Leeds United: Shambles opens up a flood of questions

Liam Bridcutt.
Liam Bridcutt.
Have your say

The latest shambles at Elland Road begs the questions: What happened at Elland Road last week, and what happens next?

Prior to Leeds United’s defeat to Blackburn Rovers, where Massimo Cellino was roundly abused by the crowd at Elland Road, he arranged a meeting of supporters’ groups to discuss the fixture disruption caused by Sky Sports’ scheduling this season.

That meeting took place on Friday morning, immediately after the Blackburn game. An emotional Cellino told the gathering that he was ready to quit as owner immediately – and his offer to sell his majority stake to Leeds Fans United was made during a meeting with LFU’s Sharon Reid later that day.

LFU chief executive Dylan Thwaites was on holiday at the time but the group believed the offer to be genuine and Cellino confirmed his proposal in an interview with the BBC.

“One hundred per cent I will sell to the fans,” he said. “The fans are the only asset the club has.”

Was Leeds Fans United in any position to do the deal?

Yes and no. It was prepared to begin due diligence and it had the money in place to cover the cost of that process, but LFU was still to formally secure the funding for a takeover which it said would require a minimum of £30m. Thwaites, however, insisted on Tuesday that he was confident of amassing the necessary cash, some through loans but most of it via pledges from “high net worth” Leeds fans. The group wanted a period of exclusivity to ensure that Cellino did not attempt sell to another buyer while it was in the middle of paying for due diligence.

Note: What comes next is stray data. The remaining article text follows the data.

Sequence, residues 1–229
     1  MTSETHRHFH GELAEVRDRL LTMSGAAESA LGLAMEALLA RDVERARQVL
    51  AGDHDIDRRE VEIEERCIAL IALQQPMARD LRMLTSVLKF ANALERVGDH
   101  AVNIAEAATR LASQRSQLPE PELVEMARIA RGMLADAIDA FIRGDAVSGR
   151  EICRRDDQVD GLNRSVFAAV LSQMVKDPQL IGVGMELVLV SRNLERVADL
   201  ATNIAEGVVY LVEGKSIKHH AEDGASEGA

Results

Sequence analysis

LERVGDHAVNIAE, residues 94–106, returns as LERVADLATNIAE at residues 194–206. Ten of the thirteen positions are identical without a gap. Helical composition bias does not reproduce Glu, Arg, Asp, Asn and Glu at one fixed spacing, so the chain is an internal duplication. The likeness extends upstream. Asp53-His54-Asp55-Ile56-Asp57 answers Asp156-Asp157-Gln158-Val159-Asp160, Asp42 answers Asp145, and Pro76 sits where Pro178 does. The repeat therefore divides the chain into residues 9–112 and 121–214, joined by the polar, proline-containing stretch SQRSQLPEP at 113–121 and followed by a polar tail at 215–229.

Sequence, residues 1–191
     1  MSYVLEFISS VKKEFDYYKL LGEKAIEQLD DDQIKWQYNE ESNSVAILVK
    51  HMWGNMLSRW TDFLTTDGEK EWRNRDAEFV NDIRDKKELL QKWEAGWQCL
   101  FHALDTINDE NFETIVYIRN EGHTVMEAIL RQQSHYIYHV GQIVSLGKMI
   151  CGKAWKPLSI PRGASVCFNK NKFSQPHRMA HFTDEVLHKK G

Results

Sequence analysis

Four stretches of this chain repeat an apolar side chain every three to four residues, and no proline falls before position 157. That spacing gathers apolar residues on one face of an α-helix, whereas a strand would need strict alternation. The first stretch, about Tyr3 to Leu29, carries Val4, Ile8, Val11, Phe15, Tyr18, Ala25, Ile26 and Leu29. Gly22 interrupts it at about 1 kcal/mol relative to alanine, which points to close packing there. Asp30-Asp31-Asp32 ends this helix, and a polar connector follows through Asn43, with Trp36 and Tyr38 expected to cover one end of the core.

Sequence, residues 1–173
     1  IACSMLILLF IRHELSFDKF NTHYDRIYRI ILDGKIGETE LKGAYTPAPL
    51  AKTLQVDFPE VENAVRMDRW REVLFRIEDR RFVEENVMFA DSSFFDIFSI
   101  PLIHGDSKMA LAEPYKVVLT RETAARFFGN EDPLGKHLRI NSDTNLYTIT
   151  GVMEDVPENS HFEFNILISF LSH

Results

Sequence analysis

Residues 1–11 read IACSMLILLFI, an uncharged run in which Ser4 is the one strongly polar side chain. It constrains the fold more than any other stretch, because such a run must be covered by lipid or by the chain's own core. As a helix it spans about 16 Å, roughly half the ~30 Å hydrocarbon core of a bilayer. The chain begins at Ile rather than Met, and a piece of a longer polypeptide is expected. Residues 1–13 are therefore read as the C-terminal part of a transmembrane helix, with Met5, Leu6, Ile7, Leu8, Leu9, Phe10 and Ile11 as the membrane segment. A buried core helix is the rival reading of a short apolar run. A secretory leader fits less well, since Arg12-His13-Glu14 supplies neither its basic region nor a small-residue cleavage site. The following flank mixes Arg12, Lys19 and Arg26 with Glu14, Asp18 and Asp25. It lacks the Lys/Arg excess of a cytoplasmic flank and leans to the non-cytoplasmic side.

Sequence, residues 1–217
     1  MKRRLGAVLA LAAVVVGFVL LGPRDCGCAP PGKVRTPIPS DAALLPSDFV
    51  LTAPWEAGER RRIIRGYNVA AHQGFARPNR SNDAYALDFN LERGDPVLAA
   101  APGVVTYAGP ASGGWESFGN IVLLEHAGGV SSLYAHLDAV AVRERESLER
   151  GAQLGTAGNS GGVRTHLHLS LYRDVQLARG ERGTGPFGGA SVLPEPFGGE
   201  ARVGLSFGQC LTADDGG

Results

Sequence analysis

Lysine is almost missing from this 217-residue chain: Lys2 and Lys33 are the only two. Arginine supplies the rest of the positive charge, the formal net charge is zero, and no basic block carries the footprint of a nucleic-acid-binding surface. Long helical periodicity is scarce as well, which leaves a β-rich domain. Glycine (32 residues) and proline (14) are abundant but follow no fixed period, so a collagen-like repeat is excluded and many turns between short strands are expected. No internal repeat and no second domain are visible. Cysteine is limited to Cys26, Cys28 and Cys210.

Cellino refused that request and, for his part, was never likely to agree to it without proof of funds. LFU is wondering now if he ever intended to sell to the group at all or if he was actually using this opportunity to smoke out alternative, lucrative bids.

Why has the agreement in principle collapsed so quickly?

LFU wanted a swift guarantee of exclusivity and began seeking it on Monday. Cellino’s lawyers informed Thwaites yesterday that Cellino was not willing to provide it and, according to LFU, had backtracked on his offer to “sell to the fans.”

Cellino’s response to a pointed LFU statement – one which accused him of “insincerity” – was to blame LFU for courting too much publicity and of telling “fairytales” about its plans and capabilities.

LFU was aggressive in warning off rival bidders on Monday and carried out a large round of media work on Tuesday, ahead of Leeds’ 1-0 win over Cardiff City. Cellino seemed to feel that the group was getting ahead of itself. LFU, however, was suspicious from the outset about whether the Italian’s offer to sell was genuine.

Yesterday it said it had “forced transparency on his motives.”

Is there any remaining hope for this deal?

Probably not, or not in its original form. LFU was established with the intention of buying a minority stake in Leeds United so it might revert to that position and attempt to align itself with another buyer – effectively as a small facet of a takeover of the club. But it is inconceivable that LFU and Cellino will be able to repair their relationship. They’d been in touch for a while before last Friday and LFU had helped to persuade Cellino to abandon his ill-conceived plan to cut United’s allocation of away tickets to 2,000 a game but trust is broken on both sides now. And in any case, Cellino has been dealing with other prospective buyers.